Why does God allow suffering?

Why does God allow suffering?

Why do we suffer?

Why does God allow suffering? The answer to this question is that God created this world and gave it to us to make of it as we wished. It is our responsibility. We could end world hunger quickly, if enough people, corporations, governments, and politicians, wanted it. On top of our not understanding our responsibility, we live in a 3D-dimensional world where we have polarities. So, we have day and night, good and bad, feminine and masculine, black and white, and so on. Life here on Earth is about polarities, and we need to understand that it is no good or bad. There is just the perception each one of us has about something.

One person’s positive feelings can be a nightmare for another, so good and bad are relative. Suffering makes us feel that we are alive, and when we are in pain, we learn. We will not learn anything from the good and happy memories. We remember them, but we learn and evolve just from the moments when we are suffering; when we search for an escape because we cannot move forward in life, that’s the time when we learn the most. Suffering is learning; learning is evolving, evolving is deconditioning from all the things you think you are.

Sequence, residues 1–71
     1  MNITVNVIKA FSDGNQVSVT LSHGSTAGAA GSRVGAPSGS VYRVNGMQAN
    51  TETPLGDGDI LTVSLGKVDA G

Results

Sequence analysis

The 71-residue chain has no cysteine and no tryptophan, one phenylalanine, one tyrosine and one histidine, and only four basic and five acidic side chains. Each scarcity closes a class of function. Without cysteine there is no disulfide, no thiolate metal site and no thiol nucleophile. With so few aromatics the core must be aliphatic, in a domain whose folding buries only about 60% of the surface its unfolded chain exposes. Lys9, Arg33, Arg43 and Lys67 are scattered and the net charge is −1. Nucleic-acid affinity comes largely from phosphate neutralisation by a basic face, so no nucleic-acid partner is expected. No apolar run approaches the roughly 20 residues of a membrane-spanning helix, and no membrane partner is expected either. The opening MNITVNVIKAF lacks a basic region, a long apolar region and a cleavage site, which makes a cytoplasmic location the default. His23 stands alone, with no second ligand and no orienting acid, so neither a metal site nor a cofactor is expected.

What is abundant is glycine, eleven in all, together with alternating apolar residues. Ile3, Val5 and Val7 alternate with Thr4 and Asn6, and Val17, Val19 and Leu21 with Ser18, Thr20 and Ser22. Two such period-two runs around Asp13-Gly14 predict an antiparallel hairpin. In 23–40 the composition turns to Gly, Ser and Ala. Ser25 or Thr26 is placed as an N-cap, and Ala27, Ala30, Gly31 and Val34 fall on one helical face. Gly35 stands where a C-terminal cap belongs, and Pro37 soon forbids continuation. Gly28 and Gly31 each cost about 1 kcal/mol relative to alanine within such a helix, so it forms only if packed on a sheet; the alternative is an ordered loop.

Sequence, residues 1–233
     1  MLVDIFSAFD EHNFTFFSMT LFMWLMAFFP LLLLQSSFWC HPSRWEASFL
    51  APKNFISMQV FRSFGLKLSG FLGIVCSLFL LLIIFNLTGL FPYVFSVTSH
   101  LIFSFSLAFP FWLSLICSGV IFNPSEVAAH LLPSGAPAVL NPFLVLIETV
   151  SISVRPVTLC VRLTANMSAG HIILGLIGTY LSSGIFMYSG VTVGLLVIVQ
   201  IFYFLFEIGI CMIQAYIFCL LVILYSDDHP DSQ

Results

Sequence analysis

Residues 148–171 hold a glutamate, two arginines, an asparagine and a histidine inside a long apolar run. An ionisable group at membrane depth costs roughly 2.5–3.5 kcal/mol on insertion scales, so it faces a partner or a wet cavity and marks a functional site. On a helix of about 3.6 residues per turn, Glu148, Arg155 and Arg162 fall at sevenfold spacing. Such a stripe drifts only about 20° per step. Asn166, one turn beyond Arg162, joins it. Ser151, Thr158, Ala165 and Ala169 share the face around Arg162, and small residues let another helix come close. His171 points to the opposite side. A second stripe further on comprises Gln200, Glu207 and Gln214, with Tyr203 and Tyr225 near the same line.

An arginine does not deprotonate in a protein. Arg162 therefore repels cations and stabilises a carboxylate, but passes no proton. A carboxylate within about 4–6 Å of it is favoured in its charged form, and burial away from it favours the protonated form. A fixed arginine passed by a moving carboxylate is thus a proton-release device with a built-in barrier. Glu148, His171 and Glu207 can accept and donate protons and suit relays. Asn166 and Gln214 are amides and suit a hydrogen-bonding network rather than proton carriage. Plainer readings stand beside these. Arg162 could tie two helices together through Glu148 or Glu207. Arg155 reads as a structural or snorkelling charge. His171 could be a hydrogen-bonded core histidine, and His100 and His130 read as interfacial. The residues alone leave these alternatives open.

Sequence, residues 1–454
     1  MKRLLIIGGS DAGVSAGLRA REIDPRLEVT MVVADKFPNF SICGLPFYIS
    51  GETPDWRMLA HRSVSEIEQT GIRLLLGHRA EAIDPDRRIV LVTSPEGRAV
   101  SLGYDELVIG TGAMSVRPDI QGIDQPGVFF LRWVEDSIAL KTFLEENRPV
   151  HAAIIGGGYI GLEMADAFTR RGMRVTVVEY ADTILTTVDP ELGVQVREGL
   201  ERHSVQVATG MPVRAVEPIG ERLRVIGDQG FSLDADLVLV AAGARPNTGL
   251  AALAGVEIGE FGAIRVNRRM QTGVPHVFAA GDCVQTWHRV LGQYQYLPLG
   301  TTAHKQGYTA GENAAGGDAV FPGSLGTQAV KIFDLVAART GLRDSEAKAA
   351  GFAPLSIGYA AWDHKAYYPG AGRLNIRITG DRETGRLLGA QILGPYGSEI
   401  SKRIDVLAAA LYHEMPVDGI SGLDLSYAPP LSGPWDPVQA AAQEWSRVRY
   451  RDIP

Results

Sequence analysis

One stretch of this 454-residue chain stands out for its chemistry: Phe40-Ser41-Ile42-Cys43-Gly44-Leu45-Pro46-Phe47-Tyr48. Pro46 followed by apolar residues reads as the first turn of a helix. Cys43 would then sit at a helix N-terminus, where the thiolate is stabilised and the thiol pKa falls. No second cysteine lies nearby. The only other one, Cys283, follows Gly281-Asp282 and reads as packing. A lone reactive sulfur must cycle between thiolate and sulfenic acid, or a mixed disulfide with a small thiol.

Many religious traditions believe that suffering is a result of human free will and the consequences of actions taken by individuals or society as a whole. Others believe that suffering is a test of faith, a means of spiritual growth, or a way to purify the soul.

Some people argue that God allows suffering to exist because it gives people the opportunity to demonstrate compassion, empathy, and love toward others. It may also serve as a reminder that life is precious and that people should cherish the time they have on earth.

However, some people may find it difficult to reconcile the existence of suffering with the idea of a loving and all-powerful God. It is ultimately up to each individual to grapple with this issue and determine their own beliefs and  Why does God allow suffering understanding of the nature of suffering and the divine.

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